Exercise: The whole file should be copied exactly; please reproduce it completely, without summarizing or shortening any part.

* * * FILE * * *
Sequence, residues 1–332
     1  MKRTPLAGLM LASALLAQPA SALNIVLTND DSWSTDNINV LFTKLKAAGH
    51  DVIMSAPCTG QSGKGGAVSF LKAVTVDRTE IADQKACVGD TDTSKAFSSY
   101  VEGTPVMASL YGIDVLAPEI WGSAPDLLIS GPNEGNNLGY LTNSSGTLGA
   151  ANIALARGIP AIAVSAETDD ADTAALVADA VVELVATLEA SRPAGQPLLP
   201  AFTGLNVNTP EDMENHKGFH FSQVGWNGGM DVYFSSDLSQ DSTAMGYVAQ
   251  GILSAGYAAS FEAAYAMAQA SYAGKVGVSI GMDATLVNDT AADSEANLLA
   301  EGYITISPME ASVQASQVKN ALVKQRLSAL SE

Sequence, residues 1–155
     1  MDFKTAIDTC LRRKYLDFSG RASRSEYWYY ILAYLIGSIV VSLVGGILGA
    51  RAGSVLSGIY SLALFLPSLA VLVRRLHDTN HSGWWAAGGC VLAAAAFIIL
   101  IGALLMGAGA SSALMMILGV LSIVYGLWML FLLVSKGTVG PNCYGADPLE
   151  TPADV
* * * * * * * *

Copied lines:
Sequence, residues 1–332
     1  MKRTPLAGLM LASALLAQPA SALNIVLTND DSWSTDNINV LFTKLKAAGH
    51  DVIMSAPCTG QSGKGGAVSF LKAVTVDRTE IADQKACVGD TDTSKAFSSY
   101  VEGTPVMASL YGIDVLAPEI WGSAPDLLIS GPNEGNNLGY LTNSSGTLGA
   151  ANIALARGIP AIAVSAETDD ADTAALVADA VVELVATLEA SRPAGQPLLP
   201  AFTGLNVNTP EDMENHKGFH FSQVGWNGGM DVYFSSDLSQ DSTAMGYVAQ
   251  GILSAGYAAS FEAAYAMAQA SYAGKVGVSI GMDATLVNDT AADSEANLLA
   301  EGYITISPME ASVQASQVKN ALVKQRLSAL SE

Sequence, residues 1–155
     1  MDFKTAIDTC LRRKYLDFSG RASRSEYWYY ILAYLIGSIV VSLVGGILGA
    51  RAGSVLSGIY SLALFLPSLA VLVRRLHDTN HSGWWAAGGC VLAAAAFIIL
   101  IGALLMGAGA SSALMMILGV LSIVYGLWML FLLVSKGTVG PNCYGADPLE
   151  TPADV